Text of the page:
4

Montefiore Café: Kosher With a Twist of Lemon and Parsley

^
Keep New Times Free
I Support
  • Local
  • Community
  • Journalism
  • logo

Support the independent voice of Miami and help keep the future of New Times free.

The atmosphere is what you might expect from a kosher restaurant in Mid Beach: an Israeli having a pressed bagel sandwich while talking business on his cell phone, two Orthodox women wearing tichels (kerchiefs) on their heads and donning casual uniforms of long denim skirts.

Located at 41st Street and Prairie Avenue, and situated in the heavily Jewish neighborhood of Mid Beach, Montefiore Café is a no-frills dining spot that has a variety of menu options, from salmon burgers and sandwiches to Israeli dishes like shakshukka and Jerusalem bagel toast.

Montefiore is a certified-kosher restaurant, and for all the gentiles out there, that means you can't mix dairy products and meat.

But you can't have a café without an American cheeseburger on the menu, so the chef, Mike Rodriguez, puts a twist on an old favorite: the American cheeseburger with all the usual accompaniments but made with a salmon patty instead of the red meat variety.

Rodriguez explains that Kosher food requires a lot of rules, especially regarding how lettuce and vegetables are cleaned as well as the careful sourcing of fish and dairy products. But ultimately, he says, the extra effort results in higher quality.

"It's a lot of rules but I would say for me as a chef it's better because everything is super natural," Rodriguez says. He explains that kosher milk is complex but it all goes back to a specific cow that was used only for milk and dairy products. "All the cheese and milk is way more expensive. I'm lactose intolerant but I can eat this milk and cheese," he says.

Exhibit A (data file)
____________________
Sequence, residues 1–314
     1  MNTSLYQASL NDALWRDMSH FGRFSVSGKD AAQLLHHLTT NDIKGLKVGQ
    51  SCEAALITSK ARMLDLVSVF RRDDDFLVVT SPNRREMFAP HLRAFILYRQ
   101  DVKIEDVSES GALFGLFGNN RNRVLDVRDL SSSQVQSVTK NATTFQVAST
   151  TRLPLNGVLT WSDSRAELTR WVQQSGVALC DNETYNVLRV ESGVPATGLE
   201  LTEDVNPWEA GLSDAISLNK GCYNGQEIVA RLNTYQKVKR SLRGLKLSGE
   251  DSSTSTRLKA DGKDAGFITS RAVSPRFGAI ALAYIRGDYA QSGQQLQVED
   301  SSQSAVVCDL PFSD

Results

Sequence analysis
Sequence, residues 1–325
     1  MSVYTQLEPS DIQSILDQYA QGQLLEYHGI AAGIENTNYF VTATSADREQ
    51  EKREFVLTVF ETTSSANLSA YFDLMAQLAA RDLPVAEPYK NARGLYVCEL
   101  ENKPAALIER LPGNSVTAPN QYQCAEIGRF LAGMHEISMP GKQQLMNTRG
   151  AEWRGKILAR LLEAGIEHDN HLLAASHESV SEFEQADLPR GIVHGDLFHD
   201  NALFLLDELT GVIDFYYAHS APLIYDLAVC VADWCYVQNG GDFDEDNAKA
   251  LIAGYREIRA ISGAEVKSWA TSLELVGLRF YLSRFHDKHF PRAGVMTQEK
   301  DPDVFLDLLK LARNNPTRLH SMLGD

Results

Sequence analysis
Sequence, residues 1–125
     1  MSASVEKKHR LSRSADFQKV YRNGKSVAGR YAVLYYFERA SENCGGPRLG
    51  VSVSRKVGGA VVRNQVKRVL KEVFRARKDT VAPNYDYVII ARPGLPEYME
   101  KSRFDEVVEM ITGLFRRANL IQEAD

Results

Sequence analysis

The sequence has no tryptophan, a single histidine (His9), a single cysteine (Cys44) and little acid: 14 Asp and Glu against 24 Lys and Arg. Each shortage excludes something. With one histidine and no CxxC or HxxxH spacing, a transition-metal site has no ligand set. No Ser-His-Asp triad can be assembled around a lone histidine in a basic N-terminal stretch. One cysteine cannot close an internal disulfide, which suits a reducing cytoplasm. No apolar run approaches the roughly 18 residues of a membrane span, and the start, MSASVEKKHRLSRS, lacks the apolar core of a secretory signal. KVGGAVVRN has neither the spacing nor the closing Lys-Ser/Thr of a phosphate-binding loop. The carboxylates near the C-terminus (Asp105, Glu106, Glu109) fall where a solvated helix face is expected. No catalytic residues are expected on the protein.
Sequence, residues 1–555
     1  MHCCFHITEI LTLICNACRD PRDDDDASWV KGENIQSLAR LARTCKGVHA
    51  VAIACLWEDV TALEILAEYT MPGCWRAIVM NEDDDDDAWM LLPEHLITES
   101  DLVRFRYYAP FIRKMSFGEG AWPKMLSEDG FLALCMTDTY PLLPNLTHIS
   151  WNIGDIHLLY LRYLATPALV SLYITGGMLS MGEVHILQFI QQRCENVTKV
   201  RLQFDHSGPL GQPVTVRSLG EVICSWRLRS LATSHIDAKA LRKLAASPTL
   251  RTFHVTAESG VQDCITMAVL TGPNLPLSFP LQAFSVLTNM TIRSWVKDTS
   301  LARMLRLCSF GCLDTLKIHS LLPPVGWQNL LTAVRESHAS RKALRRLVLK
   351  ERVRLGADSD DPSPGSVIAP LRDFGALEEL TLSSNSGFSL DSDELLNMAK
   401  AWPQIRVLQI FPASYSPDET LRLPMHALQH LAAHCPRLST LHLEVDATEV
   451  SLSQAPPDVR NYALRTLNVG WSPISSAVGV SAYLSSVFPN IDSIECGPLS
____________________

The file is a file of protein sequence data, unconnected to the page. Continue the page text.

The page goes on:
With finely chopped tomatoes, onions, and parsley and then tossed in a lemon vinaigrette, the Israeli salad ($8.95) is light and refreshing, a perfect antidote to a brutally hot and humid lunch hour. The Israeli bagel toast ($13.95) also stands out with a sourdough bagel and sesame seeds, brushed with butter and then pressed with your choice of savory filling.

If you want a departure from the typical café fare, try the shakshukka ($11.95), the Israeli take on a breakfast standard: a poached egg topped with a tomato and chili pepper sauce and pita points for dipping. Take a seat, gefilte fish, this Kosher cuisine is way more exciting!

Follow Short Order on Facebook, Twitter @Short_Order, and Instagram @ShortOrder.

Keep Miami New Times Free... Since we started Miami New Times, it has been defined as the free, independent voice of Miami, and we would like to keep it that way. Offering our readers free access to incisive coverage of local news, food and culture. Producing stories on everything from political scandals to the hottest new bands, with gutsy reporting, stylish writing, and staffers who've won everything from the Society of Professional Journalists' Sigma Delta Chi feature-writing award to the Casey Medal for Meritorious Journalism. But with local journalism's existence under siege and advertising revenue setbacks having a larger impact, it is important now more than ever for us to rally support behind funding our local journalism. You can help by participating in our "I Support" membership program, allowing us to keep covering Miami with no paywalls.

We use cookies to collect and analyze information on site performance and usage, and to enhance and customize content and advertisements. By clicking 'X' or continuing to use the site, you agree to allow cookies to be placed. To find out more, visit our cookies policy and our privacy policy.

 

Join the New Times community and help support independent local journalism in Miami.

 

Join the New Times community and help support independent local journalism in Miami.